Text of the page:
“During Holy Week in April 1525, communion was celebrated according to the Zwinglian usage for the first time. . .  . Zwingli took his place at the head of simple table that was covered with a white linen cloth and on which were placed Communion cups and plates of wood. After praying and reading in German the words of institution and pertinent Scripture passages, Zwingli and his assistants partook of the break and wine and then distributed these sacred symbols among the people, going from pew to pew. Those parts of the liturgy that were retained in the Mass, that is, the Introit, the Gloria in Excelsis, the Creed, and a number of responses were read in the Swiss vernacular by the people, the mean alternating with the women. The same year, Zwingli provided his followers with a simplified baptismal service in the vernacular, from which he had deleted the formula of exorcism and other parts…” (Harold Grimm,The Reformation, 1500-1600, p. 153) 

The widespread destruction of altars, statues and crucifixes that took place after Vatican II parallels Zwingli’s iconoclasm which had occurred centuries earlier. (Fathers Dominic and Francisco Radecki, Tumultuous Times, pp. 205-206)

Although Pope Pius XII did give a more or less free hand to the great destroyers of the Roman Rite of the Catholic Church, Fathers Ferdinando Antontelli, O.F.M., and Annibale Bugnini, C.M., to concoct various liturgical innovations in the 1950s, he did use Mediator Dei, November 20, 1947, to warn of the antiquarianism favored by the revolutionaries associated with the Liturgical Movement, an antiquarianism that relied in no small measure upon the same sort of iconoclasm as practiced Ulrich Zwingli (whose work I once heard praised by a then Capuchin Franciscan priest, the late Father Benedict Joseph Groeschel, in the chapel of his Trinity Retreat House in Larchmont, Westchester County, New York, in 1984):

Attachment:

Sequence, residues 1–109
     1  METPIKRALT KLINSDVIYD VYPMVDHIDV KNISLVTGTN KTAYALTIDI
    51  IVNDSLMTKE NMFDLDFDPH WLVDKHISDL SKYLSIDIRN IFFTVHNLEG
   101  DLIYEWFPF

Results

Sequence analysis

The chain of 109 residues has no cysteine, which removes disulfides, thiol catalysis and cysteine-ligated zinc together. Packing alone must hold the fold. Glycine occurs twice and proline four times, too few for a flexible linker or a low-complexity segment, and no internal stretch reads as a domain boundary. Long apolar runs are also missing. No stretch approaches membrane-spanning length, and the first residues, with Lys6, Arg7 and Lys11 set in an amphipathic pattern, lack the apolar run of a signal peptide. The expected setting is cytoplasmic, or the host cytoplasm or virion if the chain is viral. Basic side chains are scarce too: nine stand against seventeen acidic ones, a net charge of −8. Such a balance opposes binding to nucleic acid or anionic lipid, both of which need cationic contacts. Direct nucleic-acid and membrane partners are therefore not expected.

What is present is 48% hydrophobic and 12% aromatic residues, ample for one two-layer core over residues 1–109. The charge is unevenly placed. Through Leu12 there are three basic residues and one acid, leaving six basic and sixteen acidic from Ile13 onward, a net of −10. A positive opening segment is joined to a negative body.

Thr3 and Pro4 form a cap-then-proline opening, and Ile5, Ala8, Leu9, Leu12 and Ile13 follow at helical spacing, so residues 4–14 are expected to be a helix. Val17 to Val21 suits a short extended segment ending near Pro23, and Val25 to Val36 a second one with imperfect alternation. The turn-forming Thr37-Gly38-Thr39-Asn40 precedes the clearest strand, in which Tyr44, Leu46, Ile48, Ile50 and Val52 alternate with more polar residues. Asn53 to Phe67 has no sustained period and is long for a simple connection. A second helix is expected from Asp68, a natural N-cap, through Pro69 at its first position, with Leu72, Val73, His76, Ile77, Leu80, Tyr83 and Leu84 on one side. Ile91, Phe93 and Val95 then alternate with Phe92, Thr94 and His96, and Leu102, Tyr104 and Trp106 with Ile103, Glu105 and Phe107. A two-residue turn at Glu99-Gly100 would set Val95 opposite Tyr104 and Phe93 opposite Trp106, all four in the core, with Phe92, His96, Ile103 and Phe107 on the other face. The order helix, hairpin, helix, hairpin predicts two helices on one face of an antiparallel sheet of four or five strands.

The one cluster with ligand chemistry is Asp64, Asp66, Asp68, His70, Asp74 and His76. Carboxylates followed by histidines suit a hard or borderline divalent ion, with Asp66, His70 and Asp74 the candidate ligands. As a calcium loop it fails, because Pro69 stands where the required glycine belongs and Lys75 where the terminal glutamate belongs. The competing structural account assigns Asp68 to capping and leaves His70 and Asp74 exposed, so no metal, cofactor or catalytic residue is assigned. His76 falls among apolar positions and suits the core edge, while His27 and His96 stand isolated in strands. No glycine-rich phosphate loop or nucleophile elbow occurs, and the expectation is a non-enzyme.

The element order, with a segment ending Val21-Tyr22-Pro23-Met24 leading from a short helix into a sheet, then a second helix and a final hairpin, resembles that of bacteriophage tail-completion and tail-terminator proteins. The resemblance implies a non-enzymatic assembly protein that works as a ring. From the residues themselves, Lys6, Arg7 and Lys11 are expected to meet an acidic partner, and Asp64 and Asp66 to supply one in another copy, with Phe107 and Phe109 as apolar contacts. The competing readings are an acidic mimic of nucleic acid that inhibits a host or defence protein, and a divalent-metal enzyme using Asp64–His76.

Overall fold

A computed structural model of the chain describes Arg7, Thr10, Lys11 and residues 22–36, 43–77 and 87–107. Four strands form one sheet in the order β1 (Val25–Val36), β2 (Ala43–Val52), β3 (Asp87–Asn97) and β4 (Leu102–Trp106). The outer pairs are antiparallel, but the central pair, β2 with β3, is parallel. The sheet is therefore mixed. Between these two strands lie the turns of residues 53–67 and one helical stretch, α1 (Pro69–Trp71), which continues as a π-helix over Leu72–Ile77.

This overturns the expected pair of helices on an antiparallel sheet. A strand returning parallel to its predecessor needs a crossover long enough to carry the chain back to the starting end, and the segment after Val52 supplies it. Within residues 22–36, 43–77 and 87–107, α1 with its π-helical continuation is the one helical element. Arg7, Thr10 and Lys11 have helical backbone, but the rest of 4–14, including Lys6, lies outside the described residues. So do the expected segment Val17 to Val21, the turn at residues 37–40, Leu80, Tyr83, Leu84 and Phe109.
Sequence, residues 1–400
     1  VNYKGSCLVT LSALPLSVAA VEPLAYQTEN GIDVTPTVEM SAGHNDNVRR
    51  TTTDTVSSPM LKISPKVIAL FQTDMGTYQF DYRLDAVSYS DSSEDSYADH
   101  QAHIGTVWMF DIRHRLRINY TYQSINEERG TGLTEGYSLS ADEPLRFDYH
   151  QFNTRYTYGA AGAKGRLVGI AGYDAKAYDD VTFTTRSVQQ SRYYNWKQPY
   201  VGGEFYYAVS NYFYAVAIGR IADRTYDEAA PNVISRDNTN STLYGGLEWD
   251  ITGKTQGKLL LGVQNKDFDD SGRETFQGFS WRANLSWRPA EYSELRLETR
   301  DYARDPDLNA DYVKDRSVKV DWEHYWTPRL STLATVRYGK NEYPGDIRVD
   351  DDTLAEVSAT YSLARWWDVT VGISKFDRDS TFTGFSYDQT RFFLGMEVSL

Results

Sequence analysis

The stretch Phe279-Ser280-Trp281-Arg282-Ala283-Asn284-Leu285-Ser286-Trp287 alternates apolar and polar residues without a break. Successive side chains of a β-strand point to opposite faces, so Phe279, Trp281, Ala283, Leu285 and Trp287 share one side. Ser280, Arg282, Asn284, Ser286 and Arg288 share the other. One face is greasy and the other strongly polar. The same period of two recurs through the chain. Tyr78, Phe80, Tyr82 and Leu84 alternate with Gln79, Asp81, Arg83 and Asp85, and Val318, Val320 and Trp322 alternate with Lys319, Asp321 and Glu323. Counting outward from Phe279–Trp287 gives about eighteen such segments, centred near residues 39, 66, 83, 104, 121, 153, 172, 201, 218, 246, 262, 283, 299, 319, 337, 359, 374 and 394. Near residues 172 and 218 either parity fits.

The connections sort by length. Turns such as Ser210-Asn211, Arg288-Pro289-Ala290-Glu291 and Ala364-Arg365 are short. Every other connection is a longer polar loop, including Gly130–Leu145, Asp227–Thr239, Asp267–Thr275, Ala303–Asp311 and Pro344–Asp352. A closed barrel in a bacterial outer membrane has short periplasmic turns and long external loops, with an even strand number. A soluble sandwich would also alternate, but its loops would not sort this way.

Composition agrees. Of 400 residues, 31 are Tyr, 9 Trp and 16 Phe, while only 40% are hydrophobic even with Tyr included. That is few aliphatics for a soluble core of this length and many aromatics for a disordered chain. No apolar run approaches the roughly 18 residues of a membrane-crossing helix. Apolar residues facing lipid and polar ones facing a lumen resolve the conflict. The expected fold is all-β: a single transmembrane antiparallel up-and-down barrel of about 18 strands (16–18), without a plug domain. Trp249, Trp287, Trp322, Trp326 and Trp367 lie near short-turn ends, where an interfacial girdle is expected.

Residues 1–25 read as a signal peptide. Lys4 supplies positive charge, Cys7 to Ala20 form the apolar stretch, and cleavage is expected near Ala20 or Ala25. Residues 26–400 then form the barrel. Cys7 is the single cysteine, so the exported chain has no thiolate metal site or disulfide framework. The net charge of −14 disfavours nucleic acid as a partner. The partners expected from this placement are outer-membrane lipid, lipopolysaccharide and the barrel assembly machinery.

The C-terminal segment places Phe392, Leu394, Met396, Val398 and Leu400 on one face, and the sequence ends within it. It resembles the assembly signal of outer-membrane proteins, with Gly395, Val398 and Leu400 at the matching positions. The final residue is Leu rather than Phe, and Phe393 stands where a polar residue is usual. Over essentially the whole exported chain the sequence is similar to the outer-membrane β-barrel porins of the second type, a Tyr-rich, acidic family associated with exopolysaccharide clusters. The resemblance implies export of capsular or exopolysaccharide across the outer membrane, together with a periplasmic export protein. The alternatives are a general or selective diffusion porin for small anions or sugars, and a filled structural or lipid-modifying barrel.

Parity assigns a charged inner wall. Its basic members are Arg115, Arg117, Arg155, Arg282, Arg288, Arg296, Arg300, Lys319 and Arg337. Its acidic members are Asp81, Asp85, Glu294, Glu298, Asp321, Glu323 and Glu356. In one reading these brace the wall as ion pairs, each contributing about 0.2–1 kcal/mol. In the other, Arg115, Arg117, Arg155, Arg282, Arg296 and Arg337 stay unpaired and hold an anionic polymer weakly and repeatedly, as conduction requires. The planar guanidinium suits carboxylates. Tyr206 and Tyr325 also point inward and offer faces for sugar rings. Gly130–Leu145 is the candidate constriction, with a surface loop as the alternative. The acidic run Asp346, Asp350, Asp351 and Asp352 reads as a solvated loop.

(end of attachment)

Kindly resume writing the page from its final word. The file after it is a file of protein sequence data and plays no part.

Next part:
The Church is without question a living organism, and as an organism, in respect of the sacred liturgy also, she grows, matures, develops, adapts and accommodates herself to temporal needs and circumstances, provided only that the integrity of her doctrine be safeguarded. This notwithstanding, the temerity and daring of those who introduce novel liturgical practices, or call for the revival of obsolete rites out of harmony with prevailing laws and rubrics, deserve severe reproof. It has pained Us grievously to note, Venerable Brethren, that such innovations are actually being introduced, not merely in minor details but in matters of major importance as well. We instance, in point of fact, those who make use of the vernacular in the celebration of the august eucharistic sacrifice; those who transfer certain feast-days — which have been appointed and established after mature deliberation — to other dates; those, finally, who delete from the prayerbooks approved for public use the sacred texts of the Old Testament, deeming them little suited and inopportune for modern times.

The use of the Latin language, customary in a considerable portion of the Church, is a manifest and beautiful sign of unity, as well as an effective antidote for any corruption of doctrinal truth. In spite of this, the use of the mother tongue in connection with several of the rites may be of much advantage to the people. But the Apostolic See alone is empowered to grant this permission. It is forbidden, therefore, to take any action whatever of this nature without having requested and obtained such consent, since the sacred liturgy, as We have said, is entirely subject to the discretion and approval of the Holy See.. . .